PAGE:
In one of his early poems, Autobiography he says: “I have grown up, I think, to live alone/ To keep my old illusions”. If this was adolescent posturing, it became a permanent attitude later, shutting him out from involvements and commitments. In a poem addressed to Peter Porter he wrote: “All of you now have homes, Peter, not me.” The figures he celebrates in his poetry, Sinbad, Caxton, Jason, Babur, Dracula and Frankenstein are all self-destructive, maniac and lonely figures. They all seem to be afflicted by a curse which is inseparable from their own slanted and twisted vision. The apocalyptic melancholy of these poems now appears curiously dated, despite their perfect poise.

One of the last books he authored was on Thomas Coryat, a dwarf from Somerset who walked a distance of 10,000 miles to reach the court of Jehangir in the year 1613.

A curious maniac, again, who was destined to die a traveller in an alien land. This book titled The Long Strider which he wrote in his last years in collaboration with Sarayu Srivatsa, his companion in these years, along with three autobiographical works collected under the title, A Variety of Absences, are his best prose works and will definitely be read by future generations of readers.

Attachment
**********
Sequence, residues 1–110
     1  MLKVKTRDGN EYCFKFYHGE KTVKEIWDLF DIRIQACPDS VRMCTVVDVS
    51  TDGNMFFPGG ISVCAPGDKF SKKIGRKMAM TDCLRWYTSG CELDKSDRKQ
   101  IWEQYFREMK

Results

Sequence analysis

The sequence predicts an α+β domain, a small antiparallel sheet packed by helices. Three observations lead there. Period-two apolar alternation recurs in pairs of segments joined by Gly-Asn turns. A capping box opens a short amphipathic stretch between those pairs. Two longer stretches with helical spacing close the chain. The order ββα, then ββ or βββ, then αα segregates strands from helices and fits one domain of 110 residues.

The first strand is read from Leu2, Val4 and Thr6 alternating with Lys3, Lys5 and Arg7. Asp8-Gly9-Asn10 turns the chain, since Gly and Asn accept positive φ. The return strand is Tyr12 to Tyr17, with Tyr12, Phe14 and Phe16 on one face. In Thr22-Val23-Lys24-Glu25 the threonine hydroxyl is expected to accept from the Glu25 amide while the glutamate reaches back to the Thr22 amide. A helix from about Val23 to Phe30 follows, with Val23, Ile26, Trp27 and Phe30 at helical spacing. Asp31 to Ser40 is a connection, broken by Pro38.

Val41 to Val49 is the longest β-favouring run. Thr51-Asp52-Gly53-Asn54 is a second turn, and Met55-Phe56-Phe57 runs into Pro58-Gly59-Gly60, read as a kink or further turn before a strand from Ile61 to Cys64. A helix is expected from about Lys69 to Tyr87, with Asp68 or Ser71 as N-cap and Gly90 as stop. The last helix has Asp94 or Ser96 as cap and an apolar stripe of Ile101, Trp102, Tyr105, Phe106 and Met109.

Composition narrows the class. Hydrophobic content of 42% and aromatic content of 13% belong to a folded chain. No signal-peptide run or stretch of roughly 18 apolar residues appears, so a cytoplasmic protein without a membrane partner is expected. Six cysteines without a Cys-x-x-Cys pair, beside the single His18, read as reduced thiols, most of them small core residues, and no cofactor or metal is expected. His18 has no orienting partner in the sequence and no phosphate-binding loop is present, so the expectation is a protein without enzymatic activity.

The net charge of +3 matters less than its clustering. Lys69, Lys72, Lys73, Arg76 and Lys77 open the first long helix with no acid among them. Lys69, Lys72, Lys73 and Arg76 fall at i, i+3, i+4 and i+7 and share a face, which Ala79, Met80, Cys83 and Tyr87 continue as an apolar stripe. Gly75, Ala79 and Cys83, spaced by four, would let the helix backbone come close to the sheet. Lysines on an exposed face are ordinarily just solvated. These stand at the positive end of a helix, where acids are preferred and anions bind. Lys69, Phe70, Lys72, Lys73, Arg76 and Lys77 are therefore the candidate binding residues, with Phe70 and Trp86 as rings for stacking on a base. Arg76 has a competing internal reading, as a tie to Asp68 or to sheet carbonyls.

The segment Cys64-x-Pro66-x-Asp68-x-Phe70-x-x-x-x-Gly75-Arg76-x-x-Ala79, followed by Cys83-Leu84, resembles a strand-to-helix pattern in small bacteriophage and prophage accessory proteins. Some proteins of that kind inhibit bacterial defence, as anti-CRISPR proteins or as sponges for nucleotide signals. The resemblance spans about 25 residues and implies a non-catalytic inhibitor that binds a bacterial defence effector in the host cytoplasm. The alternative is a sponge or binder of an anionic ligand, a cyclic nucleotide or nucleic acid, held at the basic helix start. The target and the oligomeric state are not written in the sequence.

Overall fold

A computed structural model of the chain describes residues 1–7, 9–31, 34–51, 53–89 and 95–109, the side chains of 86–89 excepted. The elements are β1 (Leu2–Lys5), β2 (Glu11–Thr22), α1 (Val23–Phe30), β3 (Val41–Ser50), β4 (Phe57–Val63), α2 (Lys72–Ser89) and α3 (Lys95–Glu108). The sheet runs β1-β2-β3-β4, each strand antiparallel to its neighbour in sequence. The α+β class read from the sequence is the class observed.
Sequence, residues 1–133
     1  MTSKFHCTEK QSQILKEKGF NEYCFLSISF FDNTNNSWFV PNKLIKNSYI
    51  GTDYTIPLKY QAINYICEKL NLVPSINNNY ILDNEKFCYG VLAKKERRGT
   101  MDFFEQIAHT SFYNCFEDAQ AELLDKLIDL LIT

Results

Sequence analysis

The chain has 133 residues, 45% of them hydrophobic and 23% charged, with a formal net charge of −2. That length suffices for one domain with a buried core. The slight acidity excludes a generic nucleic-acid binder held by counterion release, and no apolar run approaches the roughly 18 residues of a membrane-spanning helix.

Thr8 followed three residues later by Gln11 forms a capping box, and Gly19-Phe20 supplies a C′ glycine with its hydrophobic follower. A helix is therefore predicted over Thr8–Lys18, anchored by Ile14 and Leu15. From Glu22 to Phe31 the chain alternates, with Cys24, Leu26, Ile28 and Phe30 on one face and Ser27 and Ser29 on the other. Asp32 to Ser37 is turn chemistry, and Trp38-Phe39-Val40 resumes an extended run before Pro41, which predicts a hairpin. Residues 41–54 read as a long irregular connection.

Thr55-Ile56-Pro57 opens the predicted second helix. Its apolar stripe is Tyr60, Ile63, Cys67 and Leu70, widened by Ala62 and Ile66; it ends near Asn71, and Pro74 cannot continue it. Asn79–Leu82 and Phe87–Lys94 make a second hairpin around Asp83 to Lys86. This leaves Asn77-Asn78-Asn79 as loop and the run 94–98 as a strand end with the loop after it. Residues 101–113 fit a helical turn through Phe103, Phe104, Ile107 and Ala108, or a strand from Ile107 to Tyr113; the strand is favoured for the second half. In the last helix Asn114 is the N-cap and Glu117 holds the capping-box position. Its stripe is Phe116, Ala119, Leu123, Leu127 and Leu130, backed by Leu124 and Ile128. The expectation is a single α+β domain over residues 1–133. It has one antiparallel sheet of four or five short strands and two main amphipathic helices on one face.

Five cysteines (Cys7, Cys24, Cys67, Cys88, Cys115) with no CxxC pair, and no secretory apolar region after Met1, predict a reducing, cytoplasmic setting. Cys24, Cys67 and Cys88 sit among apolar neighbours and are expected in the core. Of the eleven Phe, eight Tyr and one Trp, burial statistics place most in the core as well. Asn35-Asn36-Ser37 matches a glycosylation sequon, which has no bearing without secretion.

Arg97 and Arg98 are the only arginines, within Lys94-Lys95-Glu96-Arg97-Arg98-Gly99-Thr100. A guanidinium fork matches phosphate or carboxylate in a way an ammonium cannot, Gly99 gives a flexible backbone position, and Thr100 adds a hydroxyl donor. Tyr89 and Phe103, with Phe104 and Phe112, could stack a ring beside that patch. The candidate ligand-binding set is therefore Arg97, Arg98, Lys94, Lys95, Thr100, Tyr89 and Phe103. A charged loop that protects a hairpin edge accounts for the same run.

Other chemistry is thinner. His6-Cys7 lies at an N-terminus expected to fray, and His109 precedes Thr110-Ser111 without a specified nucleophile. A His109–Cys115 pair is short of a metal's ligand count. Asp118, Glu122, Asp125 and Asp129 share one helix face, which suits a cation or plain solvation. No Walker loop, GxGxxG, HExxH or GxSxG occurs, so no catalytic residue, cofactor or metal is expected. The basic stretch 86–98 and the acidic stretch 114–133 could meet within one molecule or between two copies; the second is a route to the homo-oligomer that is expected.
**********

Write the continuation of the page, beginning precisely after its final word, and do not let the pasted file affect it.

He always had an ambivalent relationship with India, despite being born and brought up here. This is perhaps because in his formative years he identified with Britain and its literary traditions.

At the same time, there was hardly any part of India he had not visited. He understood and valued the plurality of Indian life. He was outspoken in his criticism of religious fundamentalism and condemned the ban on Rushdie’s book in strong terms.

In his recent book Out of God’s Oven: Travels in a Fractured Land one can sense a concern for India’s fragmented social fabric as he speaks of a country “breached and broken by political stupidity, inhabited by a largely innocent and profoundly hurt population.”

When he came back to India in the late 80s, he knew he had an audience here. He was a respected figure in the Bombay literary circles and his chiselled prose and intricately textured poems will continue to remind us of his haunted mind.

The author is a writer, poet and critic, and is a Professor of English at South Gujarat University, Surat